# 8.5 Example: Forwards

It is important to distinguish between the task of specifying a mapping procedure and that of specifying a mapping. When we design a value-at-risk measure, we do the former. We specify a mapping procedure for a class of portfolios to which we anticipate applying the value-at-risk measure. When the value-at-risk measure is implemented and in use, that mapping procedure then constructs a specific portfolio mapping for each portfolio to which the value-at-risk measure is applied. A mapping procedure specifies both a primary mapping as well as any remappings of that primary mapping. Remappings are discussed in the next chapter. For now, we are focused on primary mappings only.

In the example of the last section, we specified a procedure for specifying primary mappings for a class of international equity portfolios. You then used that procedure in Exercise 8.13 to specify a primary mapping for a specific portfolio. In the example of this section, we shall perform both tasks—both specifying a genreal procedure and then applying that procedure to a specific portfolio—this time for a class of foreign exchange portfolios.

###### 8.5.1 Procedure

Assume a 1-day 95% AUD value-at-risk metric. An Australian foreign exchange trader holds forward positions in AUD, USD, and JPY. All contracts have maturities of less than 365 actual days. Because foreign exchange transactions typically settle in two trading days, adopt 2^{nd}-day valuation. Count basis days as actual days. We shall construct a primary mapping ^{1}*P* = θ(^{1}** R**) of the form

[8.40]

Specify asset vector ^{1}** S** as representing the accumulated value at time 1 of 1 million units of a particular currency to be received on a particular future date. Using component vectors, specify

[8.41]

where

[8.42]

and component vectors ^{1}*S** ^{USD}* and

^{1}

*S**are similar. Because currencies generally won’t be delivered on weekends or holidays, we have specified more assets than we need, but our choice of assets is notationally convenient.*

^{JPY}Each forward contract comprises two “legs”—a long position in one currency and a short position in another. For example, a contract to deliver AUD 2MM in exchange for JPY 169MM on actual day 124 is represented as

[8.43]

In this manner, each contract is broken into individual holdings in specific assets represented by ^{1}** S**. Summing such holdings across all contracts held by the portfolio, we obtain the portfolio holdings

**ω**. We define

^{1}

*P*with the vector product

[8.44]

We define ^{1}** S** as a mapping of a key vector

^{1}

**in two steps. First we define a mapping**

*R*^{1}

**= φ(**

*S*^{1}

**) where**

*Q*^{1}

**represents two spot exchange rates and discount factors for daily maturities out to 364 days. Next, a mapping employs linear interpolation to obtain the daily discount factors of**

*Q*^{1}

**from discount factors corresponding to quoted Libor rates. This yields a primary mapping**

*Q*[8.45]

Specify ^{1}** Q** with component vectors

[8.46]

where

[8.47]

[8.48]

and the two other discount curves ^{1}* Q^{USD}* and

^{1}

*are similar. In total,*

**Q**^{ JPY}^{1}

**comprises 1,097 risk factors.**

*Q*Foreign exchange professionals may wonder why we are modeling cash flows with 0 days to maturity, which would be physical cash. Since any cash position can be invested, at least overnight, shouldn’t the minimum maturity be 1? At time 0, the answer is yes, but we are modeling the portfolio as of time 1. If cash is invested overnight at time 0, it will be returned and have 0 days until maturity at time 1. In a similar vein, we don’t need to model discount factors at time 1 for maturities of 365 days because a cash flow with 365 days until maturity at time 0 will have 365 – τ(1) days until maturity at time 1.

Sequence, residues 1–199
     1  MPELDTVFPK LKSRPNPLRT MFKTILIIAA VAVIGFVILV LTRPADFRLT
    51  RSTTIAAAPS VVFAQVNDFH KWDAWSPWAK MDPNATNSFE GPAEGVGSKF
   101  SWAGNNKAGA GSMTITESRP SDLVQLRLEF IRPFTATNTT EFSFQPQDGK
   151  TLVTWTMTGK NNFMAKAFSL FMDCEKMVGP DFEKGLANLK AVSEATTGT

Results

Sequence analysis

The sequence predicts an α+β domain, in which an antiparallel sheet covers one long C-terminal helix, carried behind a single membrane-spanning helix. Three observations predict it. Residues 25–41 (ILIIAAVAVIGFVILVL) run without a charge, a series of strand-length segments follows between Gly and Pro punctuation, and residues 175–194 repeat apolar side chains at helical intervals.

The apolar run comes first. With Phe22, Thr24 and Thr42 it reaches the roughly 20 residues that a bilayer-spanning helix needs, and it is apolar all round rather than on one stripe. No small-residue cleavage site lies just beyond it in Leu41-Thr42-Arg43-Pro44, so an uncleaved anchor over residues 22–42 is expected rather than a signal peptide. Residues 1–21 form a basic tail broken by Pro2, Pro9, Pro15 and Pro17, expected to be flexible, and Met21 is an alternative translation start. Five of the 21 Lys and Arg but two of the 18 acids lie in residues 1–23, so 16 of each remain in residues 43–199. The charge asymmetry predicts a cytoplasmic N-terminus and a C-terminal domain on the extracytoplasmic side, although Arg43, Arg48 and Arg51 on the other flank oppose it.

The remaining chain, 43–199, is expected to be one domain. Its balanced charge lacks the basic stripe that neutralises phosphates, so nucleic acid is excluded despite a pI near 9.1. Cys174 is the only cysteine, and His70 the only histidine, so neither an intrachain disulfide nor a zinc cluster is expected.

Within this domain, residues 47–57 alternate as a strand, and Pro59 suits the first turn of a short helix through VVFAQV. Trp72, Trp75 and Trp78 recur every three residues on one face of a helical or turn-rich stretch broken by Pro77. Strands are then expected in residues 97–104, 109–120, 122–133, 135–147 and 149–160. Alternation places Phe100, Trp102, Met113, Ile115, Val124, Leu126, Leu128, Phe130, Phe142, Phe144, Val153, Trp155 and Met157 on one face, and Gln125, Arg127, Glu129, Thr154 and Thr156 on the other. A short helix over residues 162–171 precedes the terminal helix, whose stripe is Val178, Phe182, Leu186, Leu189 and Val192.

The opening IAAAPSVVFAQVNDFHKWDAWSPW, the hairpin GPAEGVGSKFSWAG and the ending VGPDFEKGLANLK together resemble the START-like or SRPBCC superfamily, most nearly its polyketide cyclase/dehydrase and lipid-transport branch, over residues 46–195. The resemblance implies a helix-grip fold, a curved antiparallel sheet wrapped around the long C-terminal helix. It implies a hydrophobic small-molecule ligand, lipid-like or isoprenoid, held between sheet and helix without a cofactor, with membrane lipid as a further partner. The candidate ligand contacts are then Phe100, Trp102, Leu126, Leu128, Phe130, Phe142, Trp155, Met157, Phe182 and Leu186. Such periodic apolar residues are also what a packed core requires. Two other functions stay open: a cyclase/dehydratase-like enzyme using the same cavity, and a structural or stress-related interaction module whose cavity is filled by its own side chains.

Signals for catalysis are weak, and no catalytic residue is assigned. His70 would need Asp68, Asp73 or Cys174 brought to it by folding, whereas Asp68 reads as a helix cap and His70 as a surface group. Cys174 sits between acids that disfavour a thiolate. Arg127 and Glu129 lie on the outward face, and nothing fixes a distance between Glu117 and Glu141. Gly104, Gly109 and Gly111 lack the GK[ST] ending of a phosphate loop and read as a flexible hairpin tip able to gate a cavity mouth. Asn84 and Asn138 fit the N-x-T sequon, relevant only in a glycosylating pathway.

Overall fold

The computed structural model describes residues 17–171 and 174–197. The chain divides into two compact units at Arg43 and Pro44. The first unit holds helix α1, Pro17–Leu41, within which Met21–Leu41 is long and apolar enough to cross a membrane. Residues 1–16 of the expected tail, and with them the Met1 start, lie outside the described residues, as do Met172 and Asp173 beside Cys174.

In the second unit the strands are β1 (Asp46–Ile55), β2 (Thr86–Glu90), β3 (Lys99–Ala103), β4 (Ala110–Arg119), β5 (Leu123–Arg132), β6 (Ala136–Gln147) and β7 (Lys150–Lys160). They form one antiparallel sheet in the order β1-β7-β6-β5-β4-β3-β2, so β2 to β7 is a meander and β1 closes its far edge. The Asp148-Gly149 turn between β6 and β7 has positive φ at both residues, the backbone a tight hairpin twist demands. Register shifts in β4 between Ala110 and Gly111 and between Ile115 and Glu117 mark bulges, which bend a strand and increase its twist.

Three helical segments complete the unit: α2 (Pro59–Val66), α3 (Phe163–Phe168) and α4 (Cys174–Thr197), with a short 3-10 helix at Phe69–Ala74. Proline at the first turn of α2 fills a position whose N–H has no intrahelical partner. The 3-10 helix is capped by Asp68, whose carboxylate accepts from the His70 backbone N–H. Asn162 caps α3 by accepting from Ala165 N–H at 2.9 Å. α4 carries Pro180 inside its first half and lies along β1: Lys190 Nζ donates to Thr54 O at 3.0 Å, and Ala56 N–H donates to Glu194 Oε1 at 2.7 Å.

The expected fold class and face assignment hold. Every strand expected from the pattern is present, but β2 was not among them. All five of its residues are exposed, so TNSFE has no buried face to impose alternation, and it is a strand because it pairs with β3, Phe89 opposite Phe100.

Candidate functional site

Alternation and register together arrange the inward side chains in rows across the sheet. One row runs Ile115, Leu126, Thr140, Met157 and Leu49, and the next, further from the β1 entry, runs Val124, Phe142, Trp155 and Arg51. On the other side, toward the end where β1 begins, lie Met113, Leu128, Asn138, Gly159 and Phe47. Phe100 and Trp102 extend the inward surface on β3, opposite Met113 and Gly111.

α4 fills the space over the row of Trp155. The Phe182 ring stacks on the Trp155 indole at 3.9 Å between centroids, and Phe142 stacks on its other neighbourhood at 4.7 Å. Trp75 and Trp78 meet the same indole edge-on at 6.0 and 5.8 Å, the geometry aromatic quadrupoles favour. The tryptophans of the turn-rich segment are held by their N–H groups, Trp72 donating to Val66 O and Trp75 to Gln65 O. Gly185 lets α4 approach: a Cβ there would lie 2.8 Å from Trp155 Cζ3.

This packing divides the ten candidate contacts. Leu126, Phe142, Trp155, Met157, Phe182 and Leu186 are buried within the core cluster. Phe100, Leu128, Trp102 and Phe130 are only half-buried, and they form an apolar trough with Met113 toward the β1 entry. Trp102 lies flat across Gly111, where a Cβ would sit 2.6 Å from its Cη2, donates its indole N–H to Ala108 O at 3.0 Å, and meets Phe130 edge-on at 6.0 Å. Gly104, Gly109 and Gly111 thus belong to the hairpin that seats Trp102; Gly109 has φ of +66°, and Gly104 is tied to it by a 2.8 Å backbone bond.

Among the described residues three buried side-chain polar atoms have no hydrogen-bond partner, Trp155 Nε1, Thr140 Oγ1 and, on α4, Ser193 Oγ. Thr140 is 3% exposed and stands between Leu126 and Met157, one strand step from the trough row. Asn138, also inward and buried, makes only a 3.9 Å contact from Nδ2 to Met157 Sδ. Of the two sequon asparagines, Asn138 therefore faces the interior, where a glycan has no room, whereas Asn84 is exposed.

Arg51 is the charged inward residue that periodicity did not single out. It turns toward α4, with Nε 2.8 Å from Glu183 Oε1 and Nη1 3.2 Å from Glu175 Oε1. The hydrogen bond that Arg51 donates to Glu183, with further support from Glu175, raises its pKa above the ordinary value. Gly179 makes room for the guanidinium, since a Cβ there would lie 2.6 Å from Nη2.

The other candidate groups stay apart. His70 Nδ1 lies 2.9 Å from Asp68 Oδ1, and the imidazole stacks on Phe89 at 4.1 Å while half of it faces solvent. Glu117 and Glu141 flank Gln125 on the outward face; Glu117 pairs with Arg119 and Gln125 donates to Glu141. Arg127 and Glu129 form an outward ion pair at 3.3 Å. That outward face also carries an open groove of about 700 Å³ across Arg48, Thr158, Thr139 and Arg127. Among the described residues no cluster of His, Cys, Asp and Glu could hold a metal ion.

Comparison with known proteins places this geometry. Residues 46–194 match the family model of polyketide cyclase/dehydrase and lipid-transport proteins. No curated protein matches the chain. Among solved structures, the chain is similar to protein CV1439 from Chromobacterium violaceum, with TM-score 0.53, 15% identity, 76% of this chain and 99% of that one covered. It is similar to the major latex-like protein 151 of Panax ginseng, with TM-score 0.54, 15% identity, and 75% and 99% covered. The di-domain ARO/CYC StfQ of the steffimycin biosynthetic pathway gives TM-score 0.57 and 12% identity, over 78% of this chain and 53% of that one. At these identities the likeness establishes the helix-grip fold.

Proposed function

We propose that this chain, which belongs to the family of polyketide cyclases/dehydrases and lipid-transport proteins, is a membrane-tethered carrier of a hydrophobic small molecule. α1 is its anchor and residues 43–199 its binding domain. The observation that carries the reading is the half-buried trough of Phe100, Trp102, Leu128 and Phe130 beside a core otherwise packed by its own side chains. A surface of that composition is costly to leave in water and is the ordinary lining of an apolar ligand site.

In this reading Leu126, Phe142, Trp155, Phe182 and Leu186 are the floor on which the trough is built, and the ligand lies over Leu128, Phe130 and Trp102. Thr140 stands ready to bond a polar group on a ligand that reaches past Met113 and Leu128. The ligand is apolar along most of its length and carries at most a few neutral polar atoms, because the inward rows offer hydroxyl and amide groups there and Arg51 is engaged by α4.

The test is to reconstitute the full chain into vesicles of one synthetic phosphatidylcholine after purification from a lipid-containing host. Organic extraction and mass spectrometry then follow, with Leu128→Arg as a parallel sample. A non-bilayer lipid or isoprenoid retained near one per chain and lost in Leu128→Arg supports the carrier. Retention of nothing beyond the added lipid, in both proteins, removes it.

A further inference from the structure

Since we don’t know the present date—we are designing a mapping procedure that will apply for any date—we don’t know the value date for time 1. Discount factors , , and for maturity on that date will all equal 1.0. For convenience, we treat them as risk factors, but they are not random. Discount factors for maturities prior to the value date are accumulation factors. Representing accumulation of value to the value date, they are random but will exceed 1.0.

Define the mapping ^{1}** S** = φ(

^{1}

**) with**

*Q*[8.49]

[8.50]

[8.51]

where subscript terms τ(1) are used to account for the decline in the time-to-maturity of each cash flow over the value-at-risk horizon.

We now reduce our 1,097 risk factors to just 47 key factors with a mapping ^{1}** Q** = (

^{1}

**) that linearly interpolates between discount factors corresponding to quoted Libor rates. Specify**

*R*^{1}

**with component vectors:**

*R*[8.52]

where

[8.53]

[8.54]

and the two other discount curves ^{1}*R** ^{USD}* and

^{1}

*R**are similar. Define mapping*

^{JPY}^{1}

**= (**

*Q*^{1}

**) by setting corresponding exchange rates equal to each other**

*R*[8.55]

and linearly interpolating between the discount factors of ^{1}*R** ^{AUD}*,

^{1}

*R**and*

^{USD}^{1}

*R**to obtain the discount factors of*

^{JPY}^{1}

*Q**,*

^{AUD}^{1}

*Q**and*

^{USD}^{1}

*Q**. The resulting mapping function is a linear polynomial*

^{JPY}[8.56]

where, ** b** is a 1,097 × 47 matrix, and

**is a 1,097-dimensional vector. The actual matrix**

*a***and vector**

*b***depend upon the day counts for the times-to-maturity of quoted Libor rates at time 1. Let’s illustrate for an actual portfolio.**

*a*